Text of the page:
“If you keep your head down, no one will bother you.” Life in Turkmenistan’s prisons

Some seven months ago turkmen.news published a report on the situation in AH-K/6 strict regime colony in Tejen, southern Turkmenistan. According to our sources, improvements have been made since then, although corruption, the main problem in all penitentiaries in Turkmenistan, remains a challenge today. Even though after every amnesty the president instructs officials to help ex-convicts find work, in practice as soon as they are out of the prison gates many people start a long struggle to renew their documents lost in the Interior Ministry’s cumbersome system.

Turkmen.news is starting to publish the accounts of prisoners recently released from different penal colonies. Today’s account is about the AH-K/6 colony. Turkmen.news has changed the names of all sources to ensure their safety.

“Human rights are pretty much respected” 

Tejen colony

Ilyas, 47, served seven years

I can say that the food has improved a lot. The food’s average in quality, but there’s lots of it. You can take as much as you want, which wasn’t the case before. For breakfast they give you bread and margarine with tea. Lunch varies: it’s sometimes soup or pasta or mashed potato or sprats or other fish. It’s always pilaf on Thursdays. If a prisoner has an ulcer, he’s given four boiled eggs a day. No one goes hungry. People who end up there soon put on weight, because the food is high in calories and there’s little exercise. The bosses have started keeping a close eye on the food to make sure it’s OK.

If you can pay, then you can buy fresh bread in the canteen, and you can buy everything from socks to fresh meat in the prison shop, which is open once a week. Prisoners with TB – there are officially 20 of them – live and eat separately.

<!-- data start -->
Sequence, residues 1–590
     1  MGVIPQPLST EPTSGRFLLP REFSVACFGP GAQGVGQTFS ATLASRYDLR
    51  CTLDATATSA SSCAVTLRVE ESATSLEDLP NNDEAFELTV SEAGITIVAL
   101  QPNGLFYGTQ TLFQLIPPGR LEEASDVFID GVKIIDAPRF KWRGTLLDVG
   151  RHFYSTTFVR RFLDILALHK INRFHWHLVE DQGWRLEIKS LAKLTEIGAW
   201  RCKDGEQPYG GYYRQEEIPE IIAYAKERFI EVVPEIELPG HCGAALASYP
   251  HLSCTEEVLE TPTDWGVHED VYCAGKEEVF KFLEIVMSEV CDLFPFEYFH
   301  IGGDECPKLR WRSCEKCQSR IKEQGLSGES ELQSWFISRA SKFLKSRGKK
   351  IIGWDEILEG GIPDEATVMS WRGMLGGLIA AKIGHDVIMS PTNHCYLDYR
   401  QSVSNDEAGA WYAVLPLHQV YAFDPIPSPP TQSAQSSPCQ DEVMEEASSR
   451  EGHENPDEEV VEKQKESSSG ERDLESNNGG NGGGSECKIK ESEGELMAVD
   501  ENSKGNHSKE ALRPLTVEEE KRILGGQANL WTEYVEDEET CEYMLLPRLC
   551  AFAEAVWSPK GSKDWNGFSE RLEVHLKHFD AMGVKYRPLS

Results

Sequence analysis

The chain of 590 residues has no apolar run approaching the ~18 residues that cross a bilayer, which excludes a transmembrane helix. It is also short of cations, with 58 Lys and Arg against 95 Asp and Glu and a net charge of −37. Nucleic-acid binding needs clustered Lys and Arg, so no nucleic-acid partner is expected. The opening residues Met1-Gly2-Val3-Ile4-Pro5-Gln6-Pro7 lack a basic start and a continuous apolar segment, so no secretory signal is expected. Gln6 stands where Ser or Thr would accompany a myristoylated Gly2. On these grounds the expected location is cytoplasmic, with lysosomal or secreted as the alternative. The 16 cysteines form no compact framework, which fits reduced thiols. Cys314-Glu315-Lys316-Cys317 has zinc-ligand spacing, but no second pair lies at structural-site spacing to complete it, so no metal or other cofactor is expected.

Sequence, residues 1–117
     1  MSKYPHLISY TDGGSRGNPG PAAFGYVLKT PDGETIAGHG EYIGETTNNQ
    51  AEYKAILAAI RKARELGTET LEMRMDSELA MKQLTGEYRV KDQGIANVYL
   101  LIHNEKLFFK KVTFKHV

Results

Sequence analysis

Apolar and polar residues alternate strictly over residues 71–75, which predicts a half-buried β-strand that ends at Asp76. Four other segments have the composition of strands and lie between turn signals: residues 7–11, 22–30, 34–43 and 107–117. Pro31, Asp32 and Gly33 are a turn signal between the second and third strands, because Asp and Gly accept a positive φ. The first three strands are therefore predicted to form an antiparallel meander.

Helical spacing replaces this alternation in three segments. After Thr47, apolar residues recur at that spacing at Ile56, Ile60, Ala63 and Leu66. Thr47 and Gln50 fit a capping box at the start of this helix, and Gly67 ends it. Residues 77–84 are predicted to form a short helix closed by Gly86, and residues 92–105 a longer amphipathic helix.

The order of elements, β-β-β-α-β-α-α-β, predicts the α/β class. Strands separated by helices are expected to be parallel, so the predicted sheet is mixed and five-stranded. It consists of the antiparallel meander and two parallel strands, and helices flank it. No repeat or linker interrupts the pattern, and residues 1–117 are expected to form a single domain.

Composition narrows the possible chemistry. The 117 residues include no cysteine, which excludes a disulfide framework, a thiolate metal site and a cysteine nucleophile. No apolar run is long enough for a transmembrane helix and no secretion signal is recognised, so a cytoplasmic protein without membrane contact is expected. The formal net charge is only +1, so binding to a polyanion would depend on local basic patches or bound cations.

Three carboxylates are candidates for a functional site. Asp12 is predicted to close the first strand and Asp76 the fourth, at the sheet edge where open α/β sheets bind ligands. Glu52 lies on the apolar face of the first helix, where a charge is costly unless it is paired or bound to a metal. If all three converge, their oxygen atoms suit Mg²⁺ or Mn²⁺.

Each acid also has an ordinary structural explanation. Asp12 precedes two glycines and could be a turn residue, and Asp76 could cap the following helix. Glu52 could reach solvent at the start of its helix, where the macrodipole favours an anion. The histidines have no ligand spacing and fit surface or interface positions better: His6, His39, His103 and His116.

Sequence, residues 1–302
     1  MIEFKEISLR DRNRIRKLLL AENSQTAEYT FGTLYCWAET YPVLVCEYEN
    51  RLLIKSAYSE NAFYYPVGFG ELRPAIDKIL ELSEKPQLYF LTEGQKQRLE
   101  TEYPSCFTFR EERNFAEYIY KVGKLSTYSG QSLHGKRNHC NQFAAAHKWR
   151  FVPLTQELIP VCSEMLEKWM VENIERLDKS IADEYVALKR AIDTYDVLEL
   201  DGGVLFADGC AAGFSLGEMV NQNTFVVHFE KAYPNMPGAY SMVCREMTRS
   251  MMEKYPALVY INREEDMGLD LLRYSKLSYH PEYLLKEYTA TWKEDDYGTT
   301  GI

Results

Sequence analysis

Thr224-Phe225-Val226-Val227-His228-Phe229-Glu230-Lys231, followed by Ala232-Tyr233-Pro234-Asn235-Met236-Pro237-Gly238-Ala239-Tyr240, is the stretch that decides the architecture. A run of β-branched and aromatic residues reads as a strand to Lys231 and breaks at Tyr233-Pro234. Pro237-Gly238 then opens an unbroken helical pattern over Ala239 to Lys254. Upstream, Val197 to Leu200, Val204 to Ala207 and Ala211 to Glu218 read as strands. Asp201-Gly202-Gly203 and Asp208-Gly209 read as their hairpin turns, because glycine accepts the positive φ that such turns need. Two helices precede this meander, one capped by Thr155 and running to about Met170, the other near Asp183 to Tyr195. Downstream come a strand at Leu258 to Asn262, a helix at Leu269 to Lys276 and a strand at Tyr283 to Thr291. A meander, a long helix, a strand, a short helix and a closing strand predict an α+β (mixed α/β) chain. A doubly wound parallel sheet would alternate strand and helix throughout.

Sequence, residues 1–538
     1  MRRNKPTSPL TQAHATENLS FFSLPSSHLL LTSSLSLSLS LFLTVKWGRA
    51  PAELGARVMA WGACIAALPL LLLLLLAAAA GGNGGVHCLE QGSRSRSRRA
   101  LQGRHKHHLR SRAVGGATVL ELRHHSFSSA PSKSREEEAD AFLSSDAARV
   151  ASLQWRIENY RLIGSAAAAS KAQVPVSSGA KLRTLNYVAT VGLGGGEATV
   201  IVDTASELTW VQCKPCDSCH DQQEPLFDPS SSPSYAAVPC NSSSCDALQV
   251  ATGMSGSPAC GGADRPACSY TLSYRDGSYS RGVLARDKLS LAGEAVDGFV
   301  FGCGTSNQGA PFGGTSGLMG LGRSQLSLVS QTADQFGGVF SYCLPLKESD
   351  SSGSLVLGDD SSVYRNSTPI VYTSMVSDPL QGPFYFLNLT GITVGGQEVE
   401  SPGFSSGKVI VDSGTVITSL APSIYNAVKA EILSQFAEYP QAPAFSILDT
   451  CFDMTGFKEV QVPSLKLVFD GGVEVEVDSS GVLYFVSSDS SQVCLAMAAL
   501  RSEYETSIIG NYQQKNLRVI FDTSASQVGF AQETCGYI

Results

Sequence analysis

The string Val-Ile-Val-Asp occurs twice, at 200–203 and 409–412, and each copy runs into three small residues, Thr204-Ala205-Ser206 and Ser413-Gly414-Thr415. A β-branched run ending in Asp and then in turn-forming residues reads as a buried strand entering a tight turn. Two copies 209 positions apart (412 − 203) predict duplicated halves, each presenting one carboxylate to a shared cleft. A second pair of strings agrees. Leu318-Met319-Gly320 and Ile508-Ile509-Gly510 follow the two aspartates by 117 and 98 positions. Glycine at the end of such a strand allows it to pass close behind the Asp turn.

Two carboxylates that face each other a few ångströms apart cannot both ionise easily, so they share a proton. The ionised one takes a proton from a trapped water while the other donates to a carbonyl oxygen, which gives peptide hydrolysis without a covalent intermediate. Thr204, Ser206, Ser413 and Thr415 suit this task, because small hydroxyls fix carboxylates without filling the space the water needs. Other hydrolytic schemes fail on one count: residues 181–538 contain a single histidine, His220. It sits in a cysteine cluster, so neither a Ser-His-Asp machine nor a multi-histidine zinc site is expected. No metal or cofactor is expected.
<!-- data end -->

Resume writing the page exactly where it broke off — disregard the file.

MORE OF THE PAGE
Turkmen.news note: It’s widespread practice in penitentiaries in Turkmenistan to lower the real number of prisoners with infectious diseases. We heard this back in 2015 from former prisoner Stanislav Romashchenko.

Prisoners are taken to hospital

As for treatment, the bosses have a major requirement concerning every prisoner – don’t let anything happen to them. The colony doesn’t have an infirmary as such – it hasn’t been finished, as there are no funds to pay for it. Consequently, there’s no equipment or prison doctor. If a prisoner suffers, for example, an attack of appendicitis, the ambulance is called from Tejen to take him to hospital. There are prisoners in the colony who are assigned to the notional infirmary: primary interventions are made by a paramedic and a surgeon and whoever can give injections.

If the colony has medicines, they’ll give you them without any problem, and you can buy any medicines for money: antibiotics, the painkiller Baralgin etc., but prices are double. For example, if a medicine costs 10 manats in the city, it is 20 manats in the colony. Every six months a vehicle with an x-ray machine for fluorography visits the colony.

TB sufferers are taken to prison hospital MR-B/15 in the Mary-GRES settlement. Mortality in the colony isn’t high – two or three people a year die, mostly of old age. There’s nothing to do in the “hospital.” If you’re ill, they’ll transport you there, but no one is in a hurry to go there specially from Tejen.